Did you know that thousands of companion animals are surrendered to shelters and euthanized each year simply because their human caregivers died or became too ill to care for them? These animals became homeless because their caregivers made no plans for their continued care.
We all know that providing care for our pets is a lifelong commitment, but have you taken the time to plan for your pet’s future, in case you are no longer there to honor that commitment? Having a plan in place will you give you peace of mind knowing your companion animals will always be cared for.
An organization called “2nd Chance 4 Pets” is a non-profit group of volunteers educating pet caregivers about lifetime care options. You can write to them and request their “Guide to Planning for the Lifetime Care of Your Pets” and you’ll get a subscription to their newsletter.
2nd Chance 4 Pets outlines three simple steps to ensure that your pets receive the best care possible should they outlive you:
- Step 1: Identify Caregivers
Identify people who would be willing to care for your pets in the hours, days, or weeks after an emergency, such as friends, relatives, or neighbors.
- Step 2: Prepare Written Instructions
Outline how your pets should be cared for, whether in another household or sanctuary, and whether animals should be kept together.
- Step 3: Set Up a Fund
Set aside funds to cover temporary or permanent care of your pets.
They have lots of resources and good advice on their webpage:
Or write them at:
2nd Chance 4 Pets
1484 Pollard Road, No. 444
Los Gatos, CA 95032
More resources for pet trusts and estate planning for pets:
PetGuardian Pet Trust Plans provides a comprehensive pet trust plan and is affiliated with Best Friends Animal Sanctuary.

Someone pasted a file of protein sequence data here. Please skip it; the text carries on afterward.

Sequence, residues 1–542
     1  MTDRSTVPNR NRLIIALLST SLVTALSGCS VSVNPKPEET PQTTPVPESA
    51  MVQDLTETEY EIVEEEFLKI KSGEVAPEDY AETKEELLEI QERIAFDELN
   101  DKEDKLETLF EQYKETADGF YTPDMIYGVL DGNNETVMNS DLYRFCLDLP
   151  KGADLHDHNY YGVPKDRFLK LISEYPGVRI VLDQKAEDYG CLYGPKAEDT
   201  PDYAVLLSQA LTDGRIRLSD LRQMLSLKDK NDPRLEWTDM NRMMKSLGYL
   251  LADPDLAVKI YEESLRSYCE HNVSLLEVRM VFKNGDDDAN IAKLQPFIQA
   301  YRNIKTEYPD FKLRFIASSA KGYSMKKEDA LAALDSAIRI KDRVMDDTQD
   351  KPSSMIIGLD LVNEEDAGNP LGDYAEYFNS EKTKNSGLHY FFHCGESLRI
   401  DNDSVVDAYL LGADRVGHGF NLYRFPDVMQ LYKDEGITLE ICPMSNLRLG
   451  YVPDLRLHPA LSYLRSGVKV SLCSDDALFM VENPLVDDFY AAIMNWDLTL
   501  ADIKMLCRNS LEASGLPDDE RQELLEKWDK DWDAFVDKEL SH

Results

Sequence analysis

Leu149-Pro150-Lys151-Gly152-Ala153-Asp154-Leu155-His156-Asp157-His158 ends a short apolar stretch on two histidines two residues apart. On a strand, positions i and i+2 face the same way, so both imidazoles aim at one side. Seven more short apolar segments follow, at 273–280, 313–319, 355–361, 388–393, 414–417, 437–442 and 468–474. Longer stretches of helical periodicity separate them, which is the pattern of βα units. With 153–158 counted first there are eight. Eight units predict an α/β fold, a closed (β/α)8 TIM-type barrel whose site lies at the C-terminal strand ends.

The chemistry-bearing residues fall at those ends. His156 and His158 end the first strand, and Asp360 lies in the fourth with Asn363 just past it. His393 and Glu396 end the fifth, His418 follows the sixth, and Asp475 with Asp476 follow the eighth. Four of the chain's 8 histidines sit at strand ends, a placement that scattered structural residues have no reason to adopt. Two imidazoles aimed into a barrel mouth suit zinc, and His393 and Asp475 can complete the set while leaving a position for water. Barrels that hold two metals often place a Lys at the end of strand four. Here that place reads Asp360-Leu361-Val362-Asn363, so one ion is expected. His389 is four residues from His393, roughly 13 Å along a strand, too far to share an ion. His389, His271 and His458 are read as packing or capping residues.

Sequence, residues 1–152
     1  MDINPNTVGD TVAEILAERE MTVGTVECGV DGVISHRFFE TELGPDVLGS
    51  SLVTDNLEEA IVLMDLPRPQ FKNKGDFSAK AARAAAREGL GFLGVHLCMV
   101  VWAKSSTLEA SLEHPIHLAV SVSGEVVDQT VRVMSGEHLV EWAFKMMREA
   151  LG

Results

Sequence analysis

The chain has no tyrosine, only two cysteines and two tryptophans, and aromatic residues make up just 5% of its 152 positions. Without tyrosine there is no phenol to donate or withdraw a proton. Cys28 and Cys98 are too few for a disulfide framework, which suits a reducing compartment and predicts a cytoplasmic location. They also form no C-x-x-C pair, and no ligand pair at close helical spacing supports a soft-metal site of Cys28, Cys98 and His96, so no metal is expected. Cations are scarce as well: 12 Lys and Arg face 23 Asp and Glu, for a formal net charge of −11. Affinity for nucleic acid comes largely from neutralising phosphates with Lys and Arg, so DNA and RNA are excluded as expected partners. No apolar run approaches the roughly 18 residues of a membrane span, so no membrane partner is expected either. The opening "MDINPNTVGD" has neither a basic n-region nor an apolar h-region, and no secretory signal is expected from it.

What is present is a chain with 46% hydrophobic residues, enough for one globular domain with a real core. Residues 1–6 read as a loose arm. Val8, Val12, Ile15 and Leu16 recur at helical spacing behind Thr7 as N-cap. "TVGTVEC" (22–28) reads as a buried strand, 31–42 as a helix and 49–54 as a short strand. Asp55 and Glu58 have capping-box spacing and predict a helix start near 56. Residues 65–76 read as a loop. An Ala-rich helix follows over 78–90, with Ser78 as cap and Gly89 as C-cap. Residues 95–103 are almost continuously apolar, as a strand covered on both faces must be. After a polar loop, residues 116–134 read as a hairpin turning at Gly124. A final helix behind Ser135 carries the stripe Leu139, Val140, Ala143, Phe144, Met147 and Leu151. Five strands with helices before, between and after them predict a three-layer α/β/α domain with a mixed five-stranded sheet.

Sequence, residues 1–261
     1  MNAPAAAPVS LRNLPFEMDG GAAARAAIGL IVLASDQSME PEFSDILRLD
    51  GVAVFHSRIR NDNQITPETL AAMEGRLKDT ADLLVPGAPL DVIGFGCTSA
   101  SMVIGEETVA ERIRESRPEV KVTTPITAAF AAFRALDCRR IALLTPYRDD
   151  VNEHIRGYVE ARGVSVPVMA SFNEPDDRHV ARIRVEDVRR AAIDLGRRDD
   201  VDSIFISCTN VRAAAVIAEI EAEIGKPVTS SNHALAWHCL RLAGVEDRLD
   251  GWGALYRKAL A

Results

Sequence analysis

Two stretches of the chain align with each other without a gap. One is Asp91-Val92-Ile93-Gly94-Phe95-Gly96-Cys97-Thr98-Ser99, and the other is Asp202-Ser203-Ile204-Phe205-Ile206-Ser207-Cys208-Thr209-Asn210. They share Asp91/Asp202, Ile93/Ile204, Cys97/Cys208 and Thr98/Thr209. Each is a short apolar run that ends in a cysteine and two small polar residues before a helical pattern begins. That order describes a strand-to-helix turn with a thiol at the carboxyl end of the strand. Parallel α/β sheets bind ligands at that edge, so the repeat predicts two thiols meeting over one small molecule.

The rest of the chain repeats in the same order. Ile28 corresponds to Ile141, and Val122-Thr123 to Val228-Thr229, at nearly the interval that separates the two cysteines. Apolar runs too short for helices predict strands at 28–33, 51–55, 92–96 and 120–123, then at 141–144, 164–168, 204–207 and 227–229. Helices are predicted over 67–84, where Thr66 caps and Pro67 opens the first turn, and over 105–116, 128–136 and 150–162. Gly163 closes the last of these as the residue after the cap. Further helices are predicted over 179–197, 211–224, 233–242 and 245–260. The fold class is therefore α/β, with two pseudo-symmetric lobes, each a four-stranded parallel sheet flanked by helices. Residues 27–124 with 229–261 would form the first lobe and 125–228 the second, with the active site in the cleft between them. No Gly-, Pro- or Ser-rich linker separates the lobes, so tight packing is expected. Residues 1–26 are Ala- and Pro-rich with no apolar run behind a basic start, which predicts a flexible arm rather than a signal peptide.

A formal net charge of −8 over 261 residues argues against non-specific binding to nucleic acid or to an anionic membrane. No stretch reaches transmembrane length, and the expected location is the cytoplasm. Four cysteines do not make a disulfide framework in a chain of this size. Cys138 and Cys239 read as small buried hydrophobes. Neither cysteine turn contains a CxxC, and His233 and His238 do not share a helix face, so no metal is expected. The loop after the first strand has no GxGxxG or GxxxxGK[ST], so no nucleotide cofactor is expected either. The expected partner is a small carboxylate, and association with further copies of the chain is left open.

Websites for estate planning for pets:
You may be used to leaving your cat for the weekend, but it’s never a good idea to leave rabbits at home alone while you’re out of town. A rabbit’s instinct is to hide illness and they could become seriously ill while you’re gone. They may get stressed by the change in routine and go into GI Stasis, or suffer symptoms from the parasite E Cuniculi, which must be treated immediately to have good success at recovery.
Whether you’re planning on having someone visit your home, boarding your rabbits at a bunny sitter’s home, or using a veterinarian’s office or kennel, bear in mind a few pros and cons and plan to make your rabbit’s holiday as stress-free as possible.
Boarding in Someone’s Home
- If the person you choose is familiar with rabbits, symptoms of illness may be more quickly recognized.
- Your rabbit may get more attention than from a visiting sitter.
- A caged rabbit may get more exercise time than if left at home.
- Your rabbit will be in unfamiliar surroundings.
- Other rabbits and pets may stress your rabbit.
- You may need to pack your rabbit’s cage and supplies.
Leaving Rabbit at Home
- Your rabbit will be in familiar surroundings.
- Feeding routine will be closer to usual routine.
- It will be quiet.
- A veterinary technician or someone familiar with rabbits is more likely to notice symptoms of illness.
- Pet sitters can be more cost effective than boarding if you have more than one animal.
- Your rabbit is not exposed to unfamiliar animals as in a boarding situation.
- Your rabbit may get lonely, especially if she’s the only animal in the house.
- She may not get out of her cage.
- Having a sitter or neighbor visit only once a day leaves a lot of time for symptoms of illness to go unnoticed and also makes it harder to maintain the rabbit’s routines.
- If you have other pets such as dogs or cats, you need to make sure they do not bother the rabbit.
Boarding at Vet Office or Kennel
- An experienced rabbit vet can treat your rabbit should he fall ill or have a chronic health problem.